As archaeologists, we cannot access culture or cognition directly; we must interpret levels of cultural or cognitive complexity from circumstantial evidence or from technological evidence. The interpretive process requires carefully constructed bridging theory between archaeologically recovered data and interpretations about behavior and human capacity. Some technologies involve permanent transformations of their ingredients that cannot be achieved without modern mental capacities. In South... read more
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Michael Hammer
Interbreeding with Archaic Humans in Africa
Early research on mitochondrial DNA (mtDNA) had a decisive role in the long-standing paleontological debate over human origins by providing a relatively simple picture of human evolutionary history: the set of traits that define our species as "anatomically modern" originated in a small, isolated population in Africa during the Late Pleistocene. This population then completely replaced archaic forms of humans as it expanded its size and range throughout Africa and the Old World. Today there is... read more
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Christopher Ehret
Relationships of Ancient African Languages
Almost all of the more than 1,000 African languages spoken today belong to just four families, Afroasiatic, Niger-Kordofanian, Nilo-Saharan, and Khoesan. Each family is relatively ancient, with its mother language, or protolanguage, spoken during the late Pleistocene. As these language families spread out across the continent in the early Holocene, they gradually drove out of use hundreds of other languages that used to be spoken in African. But in the late Pleistocene these mother languages... read more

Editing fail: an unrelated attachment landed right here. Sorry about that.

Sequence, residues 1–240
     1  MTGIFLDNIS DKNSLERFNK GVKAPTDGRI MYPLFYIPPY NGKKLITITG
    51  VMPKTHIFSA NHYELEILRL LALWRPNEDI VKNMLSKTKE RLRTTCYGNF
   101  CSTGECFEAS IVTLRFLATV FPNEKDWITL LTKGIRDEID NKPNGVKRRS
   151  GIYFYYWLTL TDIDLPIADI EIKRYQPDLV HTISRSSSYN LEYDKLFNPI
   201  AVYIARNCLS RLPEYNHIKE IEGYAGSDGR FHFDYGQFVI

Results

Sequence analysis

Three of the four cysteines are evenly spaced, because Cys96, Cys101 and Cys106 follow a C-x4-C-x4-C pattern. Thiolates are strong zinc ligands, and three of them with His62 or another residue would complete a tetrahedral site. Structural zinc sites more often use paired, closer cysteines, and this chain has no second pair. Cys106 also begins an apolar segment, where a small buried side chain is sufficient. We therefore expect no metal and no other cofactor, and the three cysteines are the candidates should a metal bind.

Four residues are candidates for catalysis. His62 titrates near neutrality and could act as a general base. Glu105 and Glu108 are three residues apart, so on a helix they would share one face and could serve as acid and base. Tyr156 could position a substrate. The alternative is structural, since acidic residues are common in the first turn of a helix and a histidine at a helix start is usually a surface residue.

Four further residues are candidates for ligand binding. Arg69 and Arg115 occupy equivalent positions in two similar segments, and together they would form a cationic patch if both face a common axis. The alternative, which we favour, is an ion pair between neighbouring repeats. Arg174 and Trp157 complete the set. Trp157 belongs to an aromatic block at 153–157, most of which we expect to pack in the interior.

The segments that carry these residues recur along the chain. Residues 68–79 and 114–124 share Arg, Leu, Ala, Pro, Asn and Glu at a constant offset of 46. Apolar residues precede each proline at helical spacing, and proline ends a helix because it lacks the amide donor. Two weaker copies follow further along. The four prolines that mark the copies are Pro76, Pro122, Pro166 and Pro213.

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Ofer Bar-Yosef
Evidence for the Spread of Modern Humans
The presentation will briefly summarize the archaeological evidence for the dispersals of modern humans into Eurasia avoiding the assumptions that these events, whether short or continuous, were triggered by climatic conditions or followed the dispersals of other mammals. Non-continuous archaeological records from several well-explored regions across Eurasia are used as the basis for the proposal that earlier lineage extinctions resulted from physical, technical, and social failures to adapt to... read more
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Richard Green
Interbreeding with Archaic Humans Outside Africa
Neanderthals and Denisovans are the closest extinct ancestors of modern humans. High-quality genome sequence is now available from both and has revealed multiple instances of admixture between these archaic hominins and the ancestors of currently living humans. We are using these data to refine the demographic models describing recent human evolution and to detect selective sweeps that post-dated our split from Neanderthals and Denisovans.
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Iain Davidson
Stone Tools and Cognition: Lessons from Australia
  In this talk I will address four topics: What is cognition?; Can we learn anything from brains?; What was the cognitive ability of the Last Common Ancestor?; and, How can we learn from stone tools?   I will emphasise eight aspects of stone tool making and use which show how it required particular cognitive abilities, and provided a selective context for their evolutionary emergence. The take home lessons are that we must move beyond artefact forms; that the best evidence of behaviour is to be... read more
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Alison Brooks
Wrap-Up and Overview
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Ajit Varki

Alison Brooks
Question and Answer Session
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Fred Gage
Closing Remarks